Les Miserables

Hugo's sources

Valjean's character is loosely based on the life of Eugène François Vidocq, an ex-convict who became a successful businessman widely noted for his social engagement and philanthropy. Vidocq helped Hugo with his research for Claude Gueux and Le Dernier jour d'un condamné (The Last Day of a Condemned Man). In 1828, Vidocq, already pardoned, saved one of the workers in his paper factory by lifting a heavy cart on his shoulders as Valjean does.[15] Hugo's description of Valjean rescuing a sailor on the Orion drew almost word for word on a friend's letter describing such an incident. Hugo used Bienvenu de Miollis (1753–1843), the Bishop of Digne during the time in which Valjean encounters Myriel, as the model for Myriel.[16]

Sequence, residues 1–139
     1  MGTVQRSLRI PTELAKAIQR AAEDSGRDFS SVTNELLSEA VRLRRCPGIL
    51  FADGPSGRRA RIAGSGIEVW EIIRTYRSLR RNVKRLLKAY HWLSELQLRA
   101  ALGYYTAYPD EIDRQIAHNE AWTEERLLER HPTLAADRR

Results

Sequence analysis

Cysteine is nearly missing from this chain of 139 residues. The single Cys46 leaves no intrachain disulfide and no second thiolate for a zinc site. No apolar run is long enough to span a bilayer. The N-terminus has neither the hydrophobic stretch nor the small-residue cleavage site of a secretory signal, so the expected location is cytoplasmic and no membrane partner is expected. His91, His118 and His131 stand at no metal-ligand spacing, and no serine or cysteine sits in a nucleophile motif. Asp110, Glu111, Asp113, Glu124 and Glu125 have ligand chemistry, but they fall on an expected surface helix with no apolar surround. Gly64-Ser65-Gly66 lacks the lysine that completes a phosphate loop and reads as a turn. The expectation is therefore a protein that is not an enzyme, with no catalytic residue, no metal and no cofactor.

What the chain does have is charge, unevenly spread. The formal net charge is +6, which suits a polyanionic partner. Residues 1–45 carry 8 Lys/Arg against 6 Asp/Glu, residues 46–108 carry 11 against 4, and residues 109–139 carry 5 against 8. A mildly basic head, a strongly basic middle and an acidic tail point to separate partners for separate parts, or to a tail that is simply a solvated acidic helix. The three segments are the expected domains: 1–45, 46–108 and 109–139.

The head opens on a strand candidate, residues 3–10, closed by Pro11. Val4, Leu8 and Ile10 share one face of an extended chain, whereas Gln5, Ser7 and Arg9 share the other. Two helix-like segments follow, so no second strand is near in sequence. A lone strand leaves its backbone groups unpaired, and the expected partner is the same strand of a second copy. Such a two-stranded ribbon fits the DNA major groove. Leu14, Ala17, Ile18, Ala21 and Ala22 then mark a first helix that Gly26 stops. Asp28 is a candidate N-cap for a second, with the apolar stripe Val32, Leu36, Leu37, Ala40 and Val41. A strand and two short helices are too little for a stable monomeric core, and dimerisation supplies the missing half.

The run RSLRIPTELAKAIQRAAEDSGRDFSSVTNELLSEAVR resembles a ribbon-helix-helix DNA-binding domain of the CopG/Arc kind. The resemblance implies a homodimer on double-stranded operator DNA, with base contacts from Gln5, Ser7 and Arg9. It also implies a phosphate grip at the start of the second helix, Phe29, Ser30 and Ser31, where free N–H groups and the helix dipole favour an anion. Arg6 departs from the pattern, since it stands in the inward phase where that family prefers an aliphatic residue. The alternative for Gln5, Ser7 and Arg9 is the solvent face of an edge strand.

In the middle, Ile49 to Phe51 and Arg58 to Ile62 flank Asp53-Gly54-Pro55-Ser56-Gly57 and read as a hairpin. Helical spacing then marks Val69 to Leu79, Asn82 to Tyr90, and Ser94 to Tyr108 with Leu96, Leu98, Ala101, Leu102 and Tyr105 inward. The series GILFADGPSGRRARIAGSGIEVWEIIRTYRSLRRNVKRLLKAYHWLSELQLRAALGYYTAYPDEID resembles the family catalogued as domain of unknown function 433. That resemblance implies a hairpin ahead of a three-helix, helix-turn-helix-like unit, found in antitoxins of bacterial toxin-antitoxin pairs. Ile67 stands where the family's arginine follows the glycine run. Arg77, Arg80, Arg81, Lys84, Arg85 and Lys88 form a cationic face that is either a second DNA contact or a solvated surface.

In 1841, Hugo saved a prostitute from arrest for assault. He used a short part of his dialogue with the police when recounting Valjean's rescue of Fantine in the novel.[17] On 22 February 1846, when he had begun work on the novel, Hugo witnessed the arrest of a bread thief while a Duchess and her child watched the scene pitilessly from their coach.[18][19] He spent several vacations in Montreuil-sur-Mer, which became the model for the town he calls M____-sur-M__.[20] During the 1832 revolt, Hugo walked the streets of Paris, saw the barricades blocking his way at points, and had to take shelter from gunfire.[21] He participated more directly in the 1848 Paris insurrection, helping to smash barricades and suppress both the popular revolt and its monarchist allies.[22]

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